Funding for North Carolina colleges and universities and their students has changed greatly over the last hundred years. In 2017, the UNC system received 41% percent of its operating budget, almost $3 billion, from the state legislature, which shifted to $2.9 billion in 2018 equaling about 13% of NC’s total budget (Robinson, 2019). The UNC system also receives 22% of all state dollars set aside for education. This equates to about $13,000 per student (Quinterno, 2019). Though the amount of funding has increased greatly, tuition costs have also continued to rise. In 1962, the average cost of in-state tuition in North Carolina was $87.50 per semester. If adjusting for inflation, that cost in 2014 would be between $600-$700 (Moore, 2015). But in 2014, that same semester actually cost $3,211.50. A couple of universities in North Carolina receive funding through the Morrill Act of 1862, which established Land Grant Universities. This funding provided land and focused dollars on schools emphasizing agriculture, mechanical arts, and military science (Lee & Keys, 2013). Even with many funding sources, direct scholarships and grants for students often fall short of covering costs. Forty-two percent of UNC-system students receive financial aid of some kind. Loans represent 27% of what is offered, and the rest is a combination of grants and scholarships. The average amount of financial aid offered to students is $13,677, with more being offered to those whose families make under $30,000 per year (College Factual, n.d.). Both costs and the state funding continue to rise, but it is important to note the gaps between the costs students face and the amount of funding provided.

As of August 2019, over 44 million Americans have outstanding student loan debt, totaling more than $1.5 trillion (Thune & Warner, 2019). For North Carolina specifically, the average student loan borrower owes more than $25,000 (NC Department of Justice, 2019). Competition, rising costs, and increased access to loans have all contributed to the amount of student loan debt in America. Although loans were initially introduced to increase access to higher education, student loan debt has been normalized to increase overall enrollment in higher education. But at what cost?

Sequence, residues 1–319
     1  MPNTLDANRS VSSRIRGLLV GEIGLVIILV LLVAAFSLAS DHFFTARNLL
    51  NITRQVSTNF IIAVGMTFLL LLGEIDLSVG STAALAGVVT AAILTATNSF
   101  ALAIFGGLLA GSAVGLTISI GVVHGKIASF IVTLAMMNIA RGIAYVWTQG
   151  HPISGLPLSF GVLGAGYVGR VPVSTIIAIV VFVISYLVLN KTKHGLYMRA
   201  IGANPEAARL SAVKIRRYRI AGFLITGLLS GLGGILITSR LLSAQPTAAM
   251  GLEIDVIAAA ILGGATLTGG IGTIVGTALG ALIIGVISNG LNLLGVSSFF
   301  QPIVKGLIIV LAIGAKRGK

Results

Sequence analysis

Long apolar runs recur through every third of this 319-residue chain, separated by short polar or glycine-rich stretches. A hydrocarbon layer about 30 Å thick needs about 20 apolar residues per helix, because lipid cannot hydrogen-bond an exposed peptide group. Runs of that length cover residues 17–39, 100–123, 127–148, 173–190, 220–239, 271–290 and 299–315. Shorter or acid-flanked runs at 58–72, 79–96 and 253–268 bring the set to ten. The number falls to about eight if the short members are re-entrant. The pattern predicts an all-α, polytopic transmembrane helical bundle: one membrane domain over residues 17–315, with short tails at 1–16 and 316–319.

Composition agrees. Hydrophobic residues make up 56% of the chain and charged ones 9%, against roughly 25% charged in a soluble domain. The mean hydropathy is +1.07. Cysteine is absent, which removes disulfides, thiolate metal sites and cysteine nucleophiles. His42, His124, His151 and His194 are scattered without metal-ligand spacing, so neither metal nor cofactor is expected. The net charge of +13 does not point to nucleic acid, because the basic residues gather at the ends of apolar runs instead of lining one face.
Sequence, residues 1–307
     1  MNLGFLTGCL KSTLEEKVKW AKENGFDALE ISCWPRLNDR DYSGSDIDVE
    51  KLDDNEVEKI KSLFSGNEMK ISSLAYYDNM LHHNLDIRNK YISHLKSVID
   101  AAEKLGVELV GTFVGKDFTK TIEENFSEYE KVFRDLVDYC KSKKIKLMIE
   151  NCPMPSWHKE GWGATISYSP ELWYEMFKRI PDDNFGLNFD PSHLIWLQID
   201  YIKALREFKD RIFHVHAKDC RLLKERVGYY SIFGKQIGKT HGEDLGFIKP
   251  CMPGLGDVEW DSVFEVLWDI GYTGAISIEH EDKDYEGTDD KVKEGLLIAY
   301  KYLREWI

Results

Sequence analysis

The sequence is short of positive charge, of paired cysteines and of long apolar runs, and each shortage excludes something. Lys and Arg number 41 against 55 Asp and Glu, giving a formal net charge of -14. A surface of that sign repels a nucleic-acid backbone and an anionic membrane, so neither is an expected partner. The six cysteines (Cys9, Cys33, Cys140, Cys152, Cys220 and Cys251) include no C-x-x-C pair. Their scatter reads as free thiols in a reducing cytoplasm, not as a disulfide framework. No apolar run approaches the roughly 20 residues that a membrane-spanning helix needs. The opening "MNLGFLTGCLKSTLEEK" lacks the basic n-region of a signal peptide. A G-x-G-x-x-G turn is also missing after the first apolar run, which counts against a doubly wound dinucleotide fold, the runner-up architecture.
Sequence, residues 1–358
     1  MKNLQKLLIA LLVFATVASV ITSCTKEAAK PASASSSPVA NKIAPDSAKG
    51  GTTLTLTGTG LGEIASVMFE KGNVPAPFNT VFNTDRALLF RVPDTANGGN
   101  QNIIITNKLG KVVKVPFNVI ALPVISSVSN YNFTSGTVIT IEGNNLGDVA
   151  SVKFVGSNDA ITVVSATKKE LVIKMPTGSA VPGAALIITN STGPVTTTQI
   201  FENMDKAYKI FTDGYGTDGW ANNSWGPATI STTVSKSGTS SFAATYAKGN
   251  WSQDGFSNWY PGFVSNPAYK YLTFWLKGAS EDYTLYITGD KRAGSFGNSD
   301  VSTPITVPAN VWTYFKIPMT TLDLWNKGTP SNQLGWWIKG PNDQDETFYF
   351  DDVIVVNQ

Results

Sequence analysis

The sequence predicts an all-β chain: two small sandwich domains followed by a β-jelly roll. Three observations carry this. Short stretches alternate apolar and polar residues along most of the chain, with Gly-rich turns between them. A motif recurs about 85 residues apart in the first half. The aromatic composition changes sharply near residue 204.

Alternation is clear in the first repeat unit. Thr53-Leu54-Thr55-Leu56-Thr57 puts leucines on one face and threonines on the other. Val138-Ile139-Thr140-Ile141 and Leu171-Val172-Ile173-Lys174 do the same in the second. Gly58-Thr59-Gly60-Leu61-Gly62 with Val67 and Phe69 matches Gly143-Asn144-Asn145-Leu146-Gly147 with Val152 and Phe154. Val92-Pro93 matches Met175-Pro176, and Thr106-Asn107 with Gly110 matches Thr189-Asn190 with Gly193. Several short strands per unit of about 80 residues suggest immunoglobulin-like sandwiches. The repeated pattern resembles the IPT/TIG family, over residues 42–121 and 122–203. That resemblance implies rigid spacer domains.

Celeste Kathleen is a candidate for a Master’s in Social Work from the UNC School of Social Work and Keiyitho Omonuwa is a candidate for a Master’s in Public Health from the Gillings School of Global Public Health at UNC. They were both 2019-2020 Graduate Fellows at the Center for Community Capital, where Keiyitho conducted qualitative research around the financial well-being of undergraduate students, and Celeste worked with the Education Policy Initiative at Carolina on the connections between housing and student achievement.


Baum, S., Ma, J., Pender, M., & Libassi, C. J. (2018). Trends in Student Aid 2018. The College Board.

Chingos, M. M. (2018). Simplifying grants for college students: Who wins and who loses?

College Factual. (n.d.). University of North Carolina at Chapel Hill Financial Aid & Scholarships.

Hegji, A. (2018). The Higher Education Act (HEA): A Primer. Congressional Research Service.

Lee, J. M., & Keys, S. W. (2013). Land-Grant But Unequal | State One-to-One Match Funding for 1890 Land-Grant Universities. Association of Public and Land-Grant Universities, The Office for Access & Success.

Lumina Foundation. (n.d.) A History of Federal Student Aid. (n.d.).

Moore, J. (2015). The Cost of College: An Issue Then and Now .

National Center for Education Statistics. (2019). The Condition of Education – Postsecondary Education – Finances and Resources – Loans for Undergraduate Students – Indicator May (2019).

NC Department of Justice. (2019). Paying For College.

Quinterno, J. (2019). How the “open doors” stay open: Funding North Carolina’s community colleges – NC Center for Public Policy Research.

Robinson, J. (2019). Did You know? The North Carolina Legislature Provides 41% of the UNC System’s Operational Funding — The James G. Martin Center for Academic Renewal.

Senate Historical Office. (n.d.) U.S. Senate: Sputnik Spurs Passage of the National Defense Education Act.

The Pew Charitable Trusts. (2019). Two Decades of Change in Federal and State Higher Education Funding | The Pew Charitable Trusts.

Thune, J., & Warner, M. (2019). How Congress Can Ease Americans’ $1.5 Trillion Student Debt | Time.

Topics(s): Economic Mobility, Higher Education, Voices of Student Loan Borrowers